Your reaction to Maps’ We Can Create will depend largely on whether you’ve heard of Slowdive, in particular their album Souvlaki, and whether the term “shoegaze” means anything to you. It is also an album that needs several listens to get into, however you approach it. Given time, it is an album that burrows down in the consciousness.
James Chapman, aka Maps, set up a 16-track recorder in his Northampton bedroom and plugged in some real instruments to make an album rooted in feelgood major chords and spectral, transient phrases that glide in and out of the listener’s consciousness without ever lingering. Apeing Slowdive‘s blissed-out vocal style – carried on by front man Neil Halstead to his current outfit Mojave 3 – Maps at times get close to sounding like a shoegaze tribute band. Liquid Sugar sounds as though Halstead was wheeled into the studio for a spot of guest vocals.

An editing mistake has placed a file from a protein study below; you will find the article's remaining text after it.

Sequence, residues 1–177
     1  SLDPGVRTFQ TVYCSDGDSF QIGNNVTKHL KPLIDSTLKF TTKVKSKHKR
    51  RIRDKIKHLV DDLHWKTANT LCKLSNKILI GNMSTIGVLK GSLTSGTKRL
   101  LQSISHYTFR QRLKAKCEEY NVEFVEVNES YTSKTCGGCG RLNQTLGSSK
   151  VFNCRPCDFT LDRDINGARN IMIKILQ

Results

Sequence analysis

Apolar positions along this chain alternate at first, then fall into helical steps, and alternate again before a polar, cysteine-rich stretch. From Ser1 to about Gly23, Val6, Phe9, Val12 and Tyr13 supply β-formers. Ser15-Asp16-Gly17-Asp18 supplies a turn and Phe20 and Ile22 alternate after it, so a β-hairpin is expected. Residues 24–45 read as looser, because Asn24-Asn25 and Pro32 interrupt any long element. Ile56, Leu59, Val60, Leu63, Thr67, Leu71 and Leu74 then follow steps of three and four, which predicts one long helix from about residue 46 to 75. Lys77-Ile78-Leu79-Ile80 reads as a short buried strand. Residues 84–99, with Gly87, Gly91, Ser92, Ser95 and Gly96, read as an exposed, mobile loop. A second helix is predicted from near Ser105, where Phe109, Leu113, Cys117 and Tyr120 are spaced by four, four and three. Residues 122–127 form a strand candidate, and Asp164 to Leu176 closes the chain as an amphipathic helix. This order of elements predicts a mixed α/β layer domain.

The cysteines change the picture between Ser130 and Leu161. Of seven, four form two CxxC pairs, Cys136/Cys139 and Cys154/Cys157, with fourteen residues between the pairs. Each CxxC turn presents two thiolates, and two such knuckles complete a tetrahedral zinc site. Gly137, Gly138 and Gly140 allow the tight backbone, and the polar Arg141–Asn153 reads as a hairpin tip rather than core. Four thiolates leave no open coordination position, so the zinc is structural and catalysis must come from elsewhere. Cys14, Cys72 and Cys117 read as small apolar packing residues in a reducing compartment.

But Chapman’s take on the shoegaze subgenre is to give it an electronic spin. In tracks like Lost My Soul he evokes labelmate Moby‘s fragile multi-tracked vocals over electronic backing, resolutely avoiding computers where possible in favour of a selection of processed guitars and battered synths. His fragile vocals will either sound irritatingly samey or soothing, depending on your point of view. And there are parts of this record where the vocals interrupt what are interesting instrumental textures. But it’s Chapman’s music, and if he wants to whisper all over it, that’s his business.
After a few listens, by which time it becomes possible to discern one song from another, clear highlights emerge. It Will Find You is foremost amongst these, a track that should be respun by Paul van Dyk into a trance anthem. Breathy vocals overlay a beat that never bothers kicking in a bass section adequate to dance to but which is instead content to languish in the aural soundscape it creates. It is a thing of beauty.
So if you’ve been wanting another Slowdive record for years and wondered what the band might’ve become had they not morphed into an alt.country outfit, James Chapman provides a compelling answer. Yet We Can Create is unquestionably imbued with his own musical vision too. In short, this is an album that knows its past and looks to the future. Well worth a spin.